Japan mission is latest effort to land on the Moon


Slim artwork
Image caption,Artwork: Jaxa aims to become the fifth national space agency to land on the Moon
Jonathan Amos, Science correspondent

By Jonathan Amos

Science correspondent


Japan is set to make the latest attempt at a soft touch-down on the Moon.

Its Slim (Smart Lander for Investigating Moon) mission will aim for a gentle slope, close to an equatorial crater called Shioli.

The bid follows the failure this month of a private American company to reach the lunar surface.

Statistically, it’s proven very hard to land on Earth’s natural satellite safely. Only about a half of all attempts have succeeded.

Japan’s space agency (Jaxa) hopes the precision navigation technologies built into Slim will stack the odds in its favour. Those technologies are behind the mission’s nickname of “Moon Sniper”.

The lander’s onboard computer will be using rapid image processing and crater mapping to try to get to within 100m (330ft) of the targeted touch-down point.

Slim is set to begin the descent manoeuvres from an altitude of 15km (9 miles) at midnight into Saturday, Japan Standard Time (Friday 15:00 GMT).

If all goes well, the craft will nestle gently in the lunar “soil” 20 minutes later.

Only the government space agencies of the US, the Soviet Union, China and India have made it to the lunar surface intact. Jaxa has high confidence it will be number five.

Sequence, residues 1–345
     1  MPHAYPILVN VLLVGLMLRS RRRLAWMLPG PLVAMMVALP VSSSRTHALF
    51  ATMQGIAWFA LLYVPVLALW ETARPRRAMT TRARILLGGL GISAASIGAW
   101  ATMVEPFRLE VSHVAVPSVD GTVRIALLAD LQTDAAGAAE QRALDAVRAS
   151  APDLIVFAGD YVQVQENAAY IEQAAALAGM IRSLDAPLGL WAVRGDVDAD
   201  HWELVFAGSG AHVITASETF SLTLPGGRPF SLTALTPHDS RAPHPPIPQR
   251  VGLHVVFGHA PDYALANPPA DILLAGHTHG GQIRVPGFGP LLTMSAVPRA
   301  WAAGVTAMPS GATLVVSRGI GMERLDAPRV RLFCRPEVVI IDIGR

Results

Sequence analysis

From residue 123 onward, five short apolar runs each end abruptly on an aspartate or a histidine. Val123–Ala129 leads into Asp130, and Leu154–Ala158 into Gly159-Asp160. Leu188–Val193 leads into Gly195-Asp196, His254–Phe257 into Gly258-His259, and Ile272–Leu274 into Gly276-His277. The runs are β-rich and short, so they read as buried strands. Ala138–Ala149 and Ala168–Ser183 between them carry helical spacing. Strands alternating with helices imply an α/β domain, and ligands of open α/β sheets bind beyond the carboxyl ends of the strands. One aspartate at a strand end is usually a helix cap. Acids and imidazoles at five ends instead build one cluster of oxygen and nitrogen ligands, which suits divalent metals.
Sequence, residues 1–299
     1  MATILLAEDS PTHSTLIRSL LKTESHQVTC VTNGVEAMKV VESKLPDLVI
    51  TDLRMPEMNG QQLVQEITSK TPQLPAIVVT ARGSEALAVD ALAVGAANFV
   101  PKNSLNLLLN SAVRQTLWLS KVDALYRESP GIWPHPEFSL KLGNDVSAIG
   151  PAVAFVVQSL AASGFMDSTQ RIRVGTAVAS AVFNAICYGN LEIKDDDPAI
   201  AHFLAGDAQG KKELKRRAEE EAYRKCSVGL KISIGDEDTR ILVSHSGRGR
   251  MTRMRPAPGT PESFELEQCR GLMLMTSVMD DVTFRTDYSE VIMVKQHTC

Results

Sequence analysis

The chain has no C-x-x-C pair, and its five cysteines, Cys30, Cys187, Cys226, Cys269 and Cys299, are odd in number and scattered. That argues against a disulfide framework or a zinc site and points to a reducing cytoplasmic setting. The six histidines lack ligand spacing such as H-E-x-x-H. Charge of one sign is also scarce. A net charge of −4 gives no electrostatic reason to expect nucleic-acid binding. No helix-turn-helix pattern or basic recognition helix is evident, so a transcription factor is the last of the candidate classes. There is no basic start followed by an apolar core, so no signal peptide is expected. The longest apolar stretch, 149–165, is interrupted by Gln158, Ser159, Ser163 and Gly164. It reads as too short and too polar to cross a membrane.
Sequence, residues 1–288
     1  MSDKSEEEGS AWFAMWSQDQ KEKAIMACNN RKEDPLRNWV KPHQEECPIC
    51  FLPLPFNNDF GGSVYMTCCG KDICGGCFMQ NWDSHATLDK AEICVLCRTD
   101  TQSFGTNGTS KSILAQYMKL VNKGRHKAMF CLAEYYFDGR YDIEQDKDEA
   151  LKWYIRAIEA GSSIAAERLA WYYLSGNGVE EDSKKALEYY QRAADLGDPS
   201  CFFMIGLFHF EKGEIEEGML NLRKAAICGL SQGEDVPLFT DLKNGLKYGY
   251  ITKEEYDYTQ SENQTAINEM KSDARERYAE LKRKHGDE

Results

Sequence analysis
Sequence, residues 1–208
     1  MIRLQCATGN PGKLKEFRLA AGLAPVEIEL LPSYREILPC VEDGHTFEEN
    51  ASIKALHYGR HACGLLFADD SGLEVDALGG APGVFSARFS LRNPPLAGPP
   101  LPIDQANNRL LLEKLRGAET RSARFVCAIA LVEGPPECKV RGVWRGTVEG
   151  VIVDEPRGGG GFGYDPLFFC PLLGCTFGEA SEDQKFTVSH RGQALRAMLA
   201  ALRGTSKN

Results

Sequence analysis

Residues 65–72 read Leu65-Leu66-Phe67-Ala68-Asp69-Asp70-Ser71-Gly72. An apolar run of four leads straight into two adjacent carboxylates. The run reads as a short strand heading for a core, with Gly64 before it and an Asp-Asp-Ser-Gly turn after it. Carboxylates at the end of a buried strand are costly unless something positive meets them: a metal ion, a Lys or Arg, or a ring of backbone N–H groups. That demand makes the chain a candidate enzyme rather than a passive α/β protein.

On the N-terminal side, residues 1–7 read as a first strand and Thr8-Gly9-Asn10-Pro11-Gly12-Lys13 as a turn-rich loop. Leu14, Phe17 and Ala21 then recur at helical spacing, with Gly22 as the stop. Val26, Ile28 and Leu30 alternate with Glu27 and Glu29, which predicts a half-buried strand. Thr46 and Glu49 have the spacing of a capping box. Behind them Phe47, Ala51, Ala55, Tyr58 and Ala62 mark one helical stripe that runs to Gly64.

There will be a web stream of the descent on the agency’s YouTube channel.

Slim is not expected to work for long on the lunar surface, however.

Shioli is currently bathed in sunlight and when darkness returns at the end of the month, the spacecraft’s solar panels won’t be able to generate electricity and components will probably break in the plummeting temperatures.

But before then, Slim wants to use a scientific camera to study the rocks around the crater.

And with luck the mission’s two small rovers will have had success traversing the local terrain.

One is a hopping robot that weighs about 2kg (4.4lb).

The other is a ball that will change its shape when it stops to take photos. One of the companies behind its development is Tomy, who created the Transformers toys.

Jaxa has twice landed on asteroids – an experience that should put Slim in good stead, although the much larger gravity at the Moon will make the feat a lot harder to achieve.

Last year, a private Japanese company, Ispace, had a go at landing. Its Hakuto-R craft crashed when the onboard computer became confused about its altitude above the Moon. It shut down its thruster system early, assuming the surface had been reached when in reality the mission still had another 5km (3 miles) to go.

On Thursday, the private American company Astrobotic disposed of its Peregrine landing craft in Earth’s atmosphere. A propulsion fault prevented it from https://lokeberhasilan.com/ even trying to make a touch-down attempt.

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